Essential Workers

Dedicated staff are keeping the School running during the COVID-19 shutdown.

In March 2020, Harvard T.H. Chan School of Public Health shut down most operations on campus and began holding classes remotely. Here are just a few of the staff members who have been keeping the campus safe, its labs running, and its students connected.

Raul Andino
Associate Manager, Custodial Services

Raul AndinoRaul Andino is proud of how quickly the School’s 20 custodians adapted to the new normal of eight-hour shifts in masks, solo lunch breaks, and enhanced cleaning procedures. To further minimize their exposure to the coronavirus, the custodians were divided into two morning and two evening teams, with each team coming to work on alternating weeks. Much of their time is spent on treks around the School’s hallways, hitting high-touch areas like elevator buttons and doorknobs with an electrostatic sprayer attached to a backpack that quickly releases a fine mist of a safe and environmentally friendly disinfectant.

Like Andino, most of these workers commute on public transportation each day. It can be stressful, he says, especially when trains are crowded and people don’t wear masks. “But from the beginning,” he notes, “my team never hesitated to say that they would come into work. To me, they are heroes.”

Andino and his crew are looking forward to the day when Kresge Cafeteria will once again be full of activity and animated conversations. Until then, he says, “We keep an eye on everybody. We have to take care of each other.” Read more

Sejal Vashi
Manager of Digital Learning

Sejal VashiWhen the School moved to remote learning, the Department of Information Technology had the daunting task of shepherding some 180 classes into a new online form in just weeks—a process that usually takes nearly nine months per course. A key part of this task was getting faculty quickly up to speed by increasing the availability of trainings from just five a month to once a day.

“What we offered was just enough to get faculty started and to know there’s a team here to help if they have questions,” says Sejal Vashi.

The transition went smoothly for the most part, Vashi says, although there were some challenges as faculty who were new to virtual teaching got used to more complex features such as using a Zoom whiteboard or hosting an online discussion.

On the plus side, conducting classes online has led faculty members “to take a deeper look at their courses in ways they didn’t have to before,” Vashi says. “For example, they might produce a video of a guest speaker who can’t visit campus. Or they might create a video that teaches a tricky concept, so that students can rewind and pause.” Read more

Noman Siddiqi
Senior Lab Director, Department of Immunology and Infectious Diseases

Noman SiddiqiA lab is a little like a giant cruise ship. Its multiple moving parts can’t just be shut off with the flick of a switch—tuberculosis specimens must be safely stored, breeding mosquito colonies fed, subzero freezers kept running.

This spring, while the School was shut down for all but a few essential lab workers, Noman Siddiqi did a weekly walk-through of his department’s labs, ensuring that electrical power was on and expensive equipment still functional. It was a strange experience, he says. “You don’t notice how much background noise there usually is. Then suddenly it’s so quiet.”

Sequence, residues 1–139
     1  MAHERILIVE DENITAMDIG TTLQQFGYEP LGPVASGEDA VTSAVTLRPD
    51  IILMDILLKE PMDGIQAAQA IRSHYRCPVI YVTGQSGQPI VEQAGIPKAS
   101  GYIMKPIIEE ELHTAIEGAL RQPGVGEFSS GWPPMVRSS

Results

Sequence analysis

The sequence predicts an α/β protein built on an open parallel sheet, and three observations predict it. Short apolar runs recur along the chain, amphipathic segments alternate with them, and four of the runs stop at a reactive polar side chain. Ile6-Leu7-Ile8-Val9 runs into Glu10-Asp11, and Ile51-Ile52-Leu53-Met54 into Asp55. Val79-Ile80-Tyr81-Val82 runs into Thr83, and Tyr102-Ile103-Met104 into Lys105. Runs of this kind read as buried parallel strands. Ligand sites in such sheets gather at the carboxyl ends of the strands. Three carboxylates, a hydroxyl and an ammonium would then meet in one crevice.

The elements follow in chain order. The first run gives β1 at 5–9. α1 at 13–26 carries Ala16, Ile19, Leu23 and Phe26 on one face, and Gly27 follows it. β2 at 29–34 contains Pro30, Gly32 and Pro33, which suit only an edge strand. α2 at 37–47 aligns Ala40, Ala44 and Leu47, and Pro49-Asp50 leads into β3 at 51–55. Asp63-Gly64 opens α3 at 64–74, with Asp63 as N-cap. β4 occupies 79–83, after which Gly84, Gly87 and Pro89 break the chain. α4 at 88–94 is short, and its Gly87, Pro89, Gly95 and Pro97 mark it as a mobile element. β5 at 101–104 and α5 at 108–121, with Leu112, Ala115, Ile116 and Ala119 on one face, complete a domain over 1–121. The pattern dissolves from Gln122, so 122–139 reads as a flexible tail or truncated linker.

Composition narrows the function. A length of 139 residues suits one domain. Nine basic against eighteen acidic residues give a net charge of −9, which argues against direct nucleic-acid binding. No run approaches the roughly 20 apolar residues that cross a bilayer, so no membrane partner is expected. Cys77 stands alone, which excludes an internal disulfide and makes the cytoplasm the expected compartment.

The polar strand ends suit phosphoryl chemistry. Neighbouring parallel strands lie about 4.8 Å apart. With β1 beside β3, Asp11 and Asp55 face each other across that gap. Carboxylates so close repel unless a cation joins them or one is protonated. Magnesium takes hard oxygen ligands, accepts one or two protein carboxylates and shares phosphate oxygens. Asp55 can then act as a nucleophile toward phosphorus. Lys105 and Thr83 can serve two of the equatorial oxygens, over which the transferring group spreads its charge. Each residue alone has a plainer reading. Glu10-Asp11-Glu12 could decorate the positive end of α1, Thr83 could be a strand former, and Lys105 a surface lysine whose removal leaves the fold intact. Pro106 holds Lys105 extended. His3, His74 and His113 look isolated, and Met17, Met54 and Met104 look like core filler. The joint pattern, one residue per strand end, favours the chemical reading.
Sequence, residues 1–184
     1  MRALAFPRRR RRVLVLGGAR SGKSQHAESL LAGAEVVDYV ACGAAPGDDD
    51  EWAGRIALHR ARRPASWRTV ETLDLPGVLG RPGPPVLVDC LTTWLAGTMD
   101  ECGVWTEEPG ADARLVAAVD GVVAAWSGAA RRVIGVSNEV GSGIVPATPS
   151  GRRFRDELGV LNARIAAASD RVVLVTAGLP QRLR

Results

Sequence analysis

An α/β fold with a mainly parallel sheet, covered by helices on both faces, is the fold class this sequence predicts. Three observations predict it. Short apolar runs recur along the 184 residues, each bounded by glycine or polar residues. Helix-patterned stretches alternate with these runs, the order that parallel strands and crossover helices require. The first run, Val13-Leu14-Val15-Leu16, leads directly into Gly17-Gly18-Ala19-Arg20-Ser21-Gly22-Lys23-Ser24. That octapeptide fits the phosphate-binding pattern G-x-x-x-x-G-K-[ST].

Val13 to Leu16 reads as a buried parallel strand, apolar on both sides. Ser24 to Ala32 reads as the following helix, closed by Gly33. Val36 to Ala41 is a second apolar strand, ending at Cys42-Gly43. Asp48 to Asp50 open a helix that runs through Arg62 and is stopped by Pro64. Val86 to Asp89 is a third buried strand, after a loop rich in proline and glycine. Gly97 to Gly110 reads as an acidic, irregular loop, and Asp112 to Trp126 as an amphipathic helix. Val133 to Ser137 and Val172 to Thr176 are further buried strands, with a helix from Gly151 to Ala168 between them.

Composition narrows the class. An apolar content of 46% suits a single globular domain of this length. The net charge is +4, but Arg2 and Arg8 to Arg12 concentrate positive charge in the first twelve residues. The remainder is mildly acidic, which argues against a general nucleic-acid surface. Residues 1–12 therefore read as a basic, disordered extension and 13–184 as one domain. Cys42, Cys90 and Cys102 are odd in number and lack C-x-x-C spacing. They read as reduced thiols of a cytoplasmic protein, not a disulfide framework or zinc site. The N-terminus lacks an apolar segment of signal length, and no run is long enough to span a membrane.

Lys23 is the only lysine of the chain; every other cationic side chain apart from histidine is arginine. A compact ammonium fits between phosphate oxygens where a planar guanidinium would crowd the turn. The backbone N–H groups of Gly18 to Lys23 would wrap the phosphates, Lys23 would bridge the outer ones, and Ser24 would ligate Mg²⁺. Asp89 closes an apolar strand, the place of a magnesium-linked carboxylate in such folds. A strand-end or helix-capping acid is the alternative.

Siddiqi was part of the School’s research planning committee, which, while it awaited guidance from city and state authorities, developed plans to safely reopen the labs. They were able to open in June with 25 percent of their workforce, expanding to 50 percent later in the summer. Researchers were assigned to a cohort with either a morning or evening shift to minimize the number of people who would need to be quarantined if someone got sick.

“With the guidance and protocols we put in place, we wanted to assure people that we really care about their safety,” Siddiqi says. Read more

Robin Glover
Associate Dean for Student Services

Robin GloverMuch of the work in the units that fall under the Office for Student Services has always been driven by in-person interaction. But when the School transitioned to remote instruction, staff had to quickly figure out how to retool their programs for the new virtual normal.

While nothing beats the warmth of personal connection, Robin Glover says that Student Services has worked hard to find the best platforms for student engagement.

For example, at this fall’s virtual career expo—which offered private breakout rooms for chats—students were able to meet with employers who wouldn’t have been able to travel to the School. Similarly, representatives from the Office of Admissions were able to meet with a more geographically diverse pool of students.

Building on these successes, Glover hopes to hold both in-person and online events in the future. More challenging was the online Commencement ceremony—which her team and the IT and Communications teams pulled together in just eight weeks.

Glover says that she’s been continually impressed by the level of commitment her team puts into serving students during the pandemic, adding, “It’s great to see that they still have smiles on their faces.”